Two Royal Navy vessels are patrolling waters around Jersey amid concerns of a possible blockade by French boats over post-Brexit fishing rights.
France has threatened to cut off electricity to the island, which began issuing licences to French boats under a new system last week. Fishermen who claim their rights are being unfairly restricted are due to protest at Jersey's port of St Helier.
No 10 said it was sending two Navy vessels to "monitor the situation".
HMS Severn, which has previously been used to shadow Russian navy warships off the English coast, and HMS Tamar arrived near Jersey on Thursday morning. The ships are routinely used for fisheries protection - with sailors able to board other boats for spot checks.
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On Wednesday night, Prime Minister Boris Johnson pledged his "unwavering support" for Jersey, the largest Channel Island and a Crown dependency, located 14 miles (22km) off France.
He added that "any blockade" by French boats would be "completely unjustified".
Earlier, he held talks with Jersey's Chief Minister John Le Fondré and Minister of External Affairs Ian Gorst, and "stressed the urgent need for a de-escalation in tensions" between Jersey and France.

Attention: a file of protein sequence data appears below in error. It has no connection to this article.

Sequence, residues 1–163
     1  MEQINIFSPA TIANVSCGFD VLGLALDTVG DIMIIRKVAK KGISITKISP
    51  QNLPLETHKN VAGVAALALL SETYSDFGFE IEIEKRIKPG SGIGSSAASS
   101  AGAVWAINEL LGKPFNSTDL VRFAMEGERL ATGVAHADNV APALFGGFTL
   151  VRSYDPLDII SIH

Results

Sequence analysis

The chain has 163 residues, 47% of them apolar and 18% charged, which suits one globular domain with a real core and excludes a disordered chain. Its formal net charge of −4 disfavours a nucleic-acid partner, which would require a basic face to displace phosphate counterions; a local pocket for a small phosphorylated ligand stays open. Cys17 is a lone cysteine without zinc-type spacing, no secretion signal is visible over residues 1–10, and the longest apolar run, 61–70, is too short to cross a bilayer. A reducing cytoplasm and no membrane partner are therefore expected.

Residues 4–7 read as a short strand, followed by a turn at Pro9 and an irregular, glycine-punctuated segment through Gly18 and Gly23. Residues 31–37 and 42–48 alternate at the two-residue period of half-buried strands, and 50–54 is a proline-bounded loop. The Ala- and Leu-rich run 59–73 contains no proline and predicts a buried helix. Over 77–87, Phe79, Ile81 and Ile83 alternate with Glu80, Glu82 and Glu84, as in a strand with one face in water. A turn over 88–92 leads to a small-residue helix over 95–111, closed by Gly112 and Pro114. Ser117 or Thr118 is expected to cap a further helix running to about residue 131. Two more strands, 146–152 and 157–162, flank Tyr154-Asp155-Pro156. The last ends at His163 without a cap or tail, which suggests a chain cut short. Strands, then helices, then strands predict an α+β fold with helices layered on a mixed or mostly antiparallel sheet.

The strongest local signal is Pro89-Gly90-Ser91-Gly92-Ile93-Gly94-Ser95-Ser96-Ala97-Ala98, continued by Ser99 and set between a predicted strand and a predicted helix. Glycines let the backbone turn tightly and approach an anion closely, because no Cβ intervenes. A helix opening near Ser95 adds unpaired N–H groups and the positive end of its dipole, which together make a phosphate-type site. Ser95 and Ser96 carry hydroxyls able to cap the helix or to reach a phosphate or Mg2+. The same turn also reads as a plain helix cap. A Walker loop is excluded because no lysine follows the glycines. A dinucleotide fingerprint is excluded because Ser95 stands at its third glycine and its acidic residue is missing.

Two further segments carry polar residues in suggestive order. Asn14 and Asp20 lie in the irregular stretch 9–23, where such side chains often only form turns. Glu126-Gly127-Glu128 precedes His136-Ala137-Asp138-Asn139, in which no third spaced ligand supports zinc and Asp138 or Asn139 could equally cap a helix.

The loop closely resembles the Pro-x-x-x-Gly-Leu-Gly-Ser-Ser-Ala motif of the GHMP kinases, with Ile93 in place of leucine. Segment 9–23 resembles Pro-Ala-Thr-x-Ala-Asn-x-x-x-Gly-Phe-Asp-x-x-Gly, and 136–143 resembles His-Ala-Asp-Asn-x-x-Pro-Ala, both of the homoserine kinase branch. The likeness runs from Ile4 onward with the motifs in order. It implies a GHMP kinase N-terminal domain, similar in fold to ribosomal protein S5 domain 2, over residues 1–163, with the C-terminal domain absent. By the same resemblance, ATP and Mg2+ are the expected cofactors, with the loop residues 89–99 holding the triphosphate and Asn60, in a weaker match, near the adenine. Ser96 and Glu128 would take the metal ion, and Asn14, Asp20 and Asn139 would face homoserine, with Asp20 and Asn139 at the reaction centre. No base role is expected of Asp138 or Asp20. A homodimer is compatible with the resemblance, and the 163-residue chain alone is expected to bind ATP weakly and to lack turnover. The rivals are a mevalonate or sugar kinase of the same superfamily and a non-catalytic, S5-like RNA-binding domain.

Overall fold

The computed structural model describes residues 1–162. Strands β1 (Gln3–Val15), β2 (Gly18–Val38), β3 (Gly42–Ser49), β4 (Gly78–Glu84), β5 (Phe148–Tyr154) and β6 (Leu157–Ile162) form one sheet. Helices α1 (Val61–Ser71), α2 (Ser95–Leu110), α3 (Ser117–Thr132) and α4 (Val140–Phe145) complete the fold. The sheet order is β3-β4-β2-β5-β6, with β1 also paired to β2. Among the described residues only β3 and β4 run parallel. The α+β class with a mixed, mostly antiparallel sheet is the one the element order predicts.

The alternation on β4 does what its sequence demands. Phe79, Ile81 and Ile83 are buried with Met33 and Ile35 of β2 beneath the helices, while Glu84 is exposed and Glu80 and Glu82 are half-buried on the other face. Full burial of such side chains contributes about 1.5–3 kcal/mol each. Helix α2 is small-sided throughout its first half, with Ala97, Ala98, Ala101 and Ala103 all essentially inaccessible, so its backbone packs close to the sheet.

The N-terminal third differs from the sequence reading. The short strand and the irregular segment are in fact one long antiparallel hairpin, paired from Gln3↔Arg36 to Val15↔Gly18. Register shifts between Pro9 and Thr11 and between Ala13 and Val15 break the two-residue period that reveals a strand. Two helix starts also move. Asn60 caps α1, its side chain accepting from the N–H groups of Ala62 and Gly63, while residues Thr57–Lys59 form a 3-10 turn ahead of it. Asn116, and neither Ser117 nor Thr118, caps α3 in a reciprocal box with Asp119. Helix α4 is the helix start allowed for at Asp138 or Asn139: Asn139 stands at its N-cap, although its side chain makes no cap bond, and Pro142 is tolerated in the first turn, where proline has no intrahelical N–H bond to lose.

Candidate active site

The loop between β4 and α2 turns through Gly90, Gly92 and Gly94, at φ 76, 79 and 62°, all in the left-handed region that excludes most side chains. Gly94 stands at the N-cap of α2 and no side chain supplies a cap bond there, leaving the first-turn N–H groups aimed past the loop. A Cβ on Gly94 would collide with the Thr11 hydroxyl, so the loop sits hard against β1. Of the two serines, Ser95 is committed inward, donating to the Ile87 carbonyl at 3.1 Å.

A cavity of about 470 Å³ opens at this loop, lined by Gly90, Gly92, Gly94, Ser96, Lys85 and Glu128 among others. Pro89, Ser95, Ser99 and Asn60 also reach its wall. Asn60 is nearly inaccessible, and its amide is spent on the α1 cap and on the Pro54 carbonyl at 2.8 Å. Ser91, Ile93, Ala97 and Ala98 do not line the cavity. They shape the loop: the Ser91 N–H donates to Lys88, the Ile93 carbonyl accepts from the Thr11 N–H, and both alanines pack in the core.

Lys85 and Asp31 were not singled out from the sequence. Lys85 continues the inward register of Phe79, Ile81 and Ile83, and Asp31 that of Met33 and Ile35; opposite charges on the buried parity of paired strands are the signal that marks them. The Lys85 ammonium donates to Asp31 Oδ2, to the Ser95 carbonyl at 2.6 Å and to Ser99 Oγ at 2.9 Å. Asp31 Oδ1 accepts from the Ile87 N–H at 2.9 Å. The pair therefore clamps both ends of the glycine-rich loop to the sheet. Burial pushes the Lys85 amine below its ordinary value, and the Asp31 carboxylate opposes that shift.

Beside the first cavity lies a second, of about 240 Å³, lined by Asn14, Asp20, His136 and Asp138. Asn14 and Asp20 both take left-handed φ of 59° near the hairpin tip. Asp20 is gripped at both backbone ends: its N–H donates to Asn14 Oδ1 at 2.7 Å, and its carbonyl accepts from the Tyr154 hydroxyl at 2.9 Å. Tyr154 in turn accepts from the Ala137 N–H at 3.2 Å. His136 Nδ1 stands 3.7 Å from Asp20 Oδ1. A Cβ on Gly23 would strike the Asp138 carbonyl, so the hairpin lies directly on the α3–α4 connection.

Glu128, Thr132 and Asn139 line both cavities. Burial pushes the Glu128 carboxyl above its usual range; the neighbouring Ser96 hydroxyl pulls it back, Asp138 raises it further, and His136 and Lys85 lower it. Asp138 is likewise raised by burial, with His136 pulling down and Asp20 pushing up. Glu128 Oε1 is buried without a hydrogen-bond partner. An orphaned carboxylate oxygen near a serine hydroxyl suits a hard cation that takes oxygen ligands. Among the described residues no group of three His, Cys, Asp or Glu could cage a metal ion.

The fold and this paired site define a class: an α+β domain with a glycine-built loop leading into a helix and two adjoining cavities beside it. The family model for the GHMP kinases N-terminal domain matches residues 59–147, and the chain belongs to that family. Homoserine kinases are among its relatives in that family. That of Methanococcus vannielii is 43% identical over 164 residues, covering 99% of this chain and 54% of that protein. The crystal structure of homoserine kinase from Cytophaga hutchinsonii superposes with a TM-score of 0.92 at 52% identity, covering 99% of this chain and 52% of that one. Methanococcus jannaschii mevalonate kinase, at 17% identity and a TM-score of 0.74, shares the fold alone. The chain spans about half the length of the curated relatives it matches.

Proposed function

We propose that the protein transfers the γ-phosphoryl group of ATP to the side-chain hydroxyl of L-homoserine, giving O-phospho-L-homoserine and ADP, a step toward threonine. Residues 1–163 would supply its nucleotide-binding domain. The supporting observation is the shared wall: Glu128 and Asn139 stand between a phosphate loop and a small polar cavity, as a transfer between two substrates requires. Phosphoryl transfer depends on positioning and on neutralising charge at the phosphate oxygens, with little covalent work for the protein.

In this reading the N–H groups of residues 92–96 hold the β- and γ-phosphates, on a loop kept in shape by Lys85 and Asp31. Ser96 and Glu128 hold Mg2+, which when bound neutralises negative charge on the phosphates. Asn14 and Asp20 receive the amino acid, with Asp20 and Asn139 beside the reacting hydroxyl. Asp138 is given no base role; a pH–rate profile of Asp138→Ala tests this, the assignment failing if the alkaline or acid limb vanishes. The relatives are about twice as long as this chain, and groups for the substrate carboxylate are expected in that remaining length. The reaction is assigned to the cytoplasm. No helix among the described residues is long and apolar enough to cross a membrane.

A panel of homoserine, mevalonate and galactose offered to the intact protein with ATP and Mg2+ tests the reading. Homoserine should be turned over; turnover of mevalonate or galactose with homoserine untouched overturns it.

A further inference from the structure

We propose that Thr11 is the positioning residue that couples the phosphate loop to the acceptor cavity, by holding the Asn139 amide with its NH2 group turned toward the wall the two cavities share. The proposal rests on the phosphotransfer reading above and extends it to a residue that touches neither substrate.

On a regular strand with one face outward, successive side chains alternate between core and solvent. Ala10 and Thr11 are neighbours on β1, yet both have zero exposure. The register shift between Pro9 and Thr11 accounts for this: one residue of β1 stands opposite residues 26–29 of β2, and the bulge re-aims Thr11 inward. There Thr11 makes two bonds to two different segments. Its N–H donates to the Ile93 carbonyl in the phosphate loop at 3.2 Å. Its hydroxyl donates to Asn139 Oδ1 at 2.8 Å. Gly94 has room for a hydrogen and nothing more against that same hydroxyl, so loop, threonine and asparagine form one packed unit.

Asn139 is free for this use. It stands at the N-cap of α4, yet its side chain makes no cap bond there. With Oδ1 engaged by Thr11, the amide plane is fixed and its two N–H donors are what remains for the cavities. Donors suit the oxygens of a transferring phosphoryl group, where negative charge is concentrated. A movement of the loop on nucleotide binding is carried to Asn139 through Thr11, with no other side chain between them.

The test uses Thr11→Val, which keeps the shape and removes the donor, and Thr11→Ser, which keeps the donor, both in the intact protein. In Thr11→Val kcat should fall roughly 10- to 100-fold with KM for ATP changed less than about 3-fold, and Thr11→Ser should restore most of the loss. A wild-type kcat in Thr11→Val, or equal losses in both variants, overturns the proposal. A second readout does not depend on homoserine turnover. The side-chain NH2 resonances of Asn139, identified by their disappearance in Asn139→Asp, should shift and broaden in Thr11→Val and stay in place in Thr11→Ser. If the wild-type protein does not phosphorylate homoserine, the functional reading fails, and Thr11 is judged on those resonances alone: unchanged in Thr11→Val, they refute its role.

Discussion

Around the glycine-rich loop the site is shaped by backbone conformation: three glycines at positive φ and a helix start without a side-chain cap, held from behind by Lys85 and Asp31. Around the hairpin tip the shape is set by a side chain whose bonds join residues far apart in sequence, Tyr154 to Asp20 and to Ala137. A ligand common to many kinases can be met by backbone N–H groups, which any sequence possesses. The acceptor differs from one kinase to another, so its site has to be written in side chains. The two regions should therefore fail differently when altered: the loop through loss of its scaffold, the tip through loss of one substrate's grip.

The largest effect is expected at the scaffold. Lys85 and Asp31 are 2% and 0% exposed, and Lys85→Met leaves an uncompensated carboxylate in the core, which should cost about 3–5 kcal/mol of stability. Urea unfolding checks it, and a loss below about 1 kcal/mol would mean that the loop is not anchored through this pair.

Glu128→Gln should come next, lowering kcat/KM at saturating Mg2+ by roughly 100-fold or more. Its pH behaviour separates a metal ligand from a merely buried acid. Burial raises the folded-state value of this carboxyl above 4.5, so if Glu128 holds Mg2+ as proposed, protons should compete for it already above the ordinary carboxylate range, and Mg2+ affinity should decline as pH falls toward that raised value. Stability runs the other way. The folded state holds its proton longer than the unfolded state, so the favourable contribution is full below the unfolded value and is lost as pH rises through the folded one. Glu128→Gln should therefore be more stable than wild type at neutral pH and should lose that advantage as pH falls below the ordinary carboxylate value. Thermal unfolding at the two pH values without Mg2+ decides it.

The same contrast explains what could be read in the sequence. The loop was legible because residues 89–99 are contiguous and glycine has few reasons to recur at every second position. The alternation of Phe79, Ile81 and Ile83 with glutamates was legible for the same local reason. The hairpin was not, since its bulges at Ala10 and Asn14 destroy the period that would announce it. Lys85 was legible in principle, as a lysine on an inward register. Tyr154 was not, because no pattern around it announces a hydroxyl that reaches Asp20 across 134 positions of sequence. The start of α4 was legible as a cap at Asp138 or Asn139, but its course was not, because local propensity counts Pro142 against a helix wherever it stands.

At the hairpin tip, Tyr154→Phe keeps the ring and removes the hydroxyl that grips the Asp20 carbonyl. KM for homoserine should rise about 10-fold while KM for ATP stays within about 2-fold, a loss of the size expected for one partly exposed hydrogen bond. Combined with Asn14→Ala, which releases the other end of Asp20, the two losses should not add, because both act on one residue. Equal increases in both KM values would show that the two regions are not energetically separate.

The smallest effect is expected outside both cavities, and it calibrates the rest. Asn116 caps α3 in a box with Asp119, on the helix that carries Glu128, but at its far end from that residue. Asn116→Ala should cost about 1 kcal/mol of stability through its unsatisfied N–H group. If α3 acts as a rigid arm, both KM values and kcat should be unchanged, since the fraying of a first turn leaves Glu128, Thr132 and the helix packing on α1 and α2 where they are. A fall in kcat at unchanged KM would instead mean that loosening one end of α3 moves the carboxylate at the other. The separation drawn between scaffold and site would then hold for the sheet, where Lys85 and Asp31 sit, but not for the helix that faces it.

Senator Gorst told the BBC the French threats were "disproportionate" but he was expecting a "peaceful demonstration" by fisherman on Thursday morning. He said Jersey took "a threat to blockade our harbour very seriously" but insisted the "resolution has to be through diplomacy". Dimitri Rogoff, head of fisheries for the Normandy region, said the boats would not try to block St Helier and would return to France in the afternoon, AFP reported.
The new fishing rules - introduced by the Jersey government under the UK-EU Trade and Cooperation Agreement (TCA) - require French boats to show they have a history of fishing in Jersey's waters. But French authorities said "new technical measures" for fishing off the Channel Islands had not been communicated to the EU, rendering them "null and void".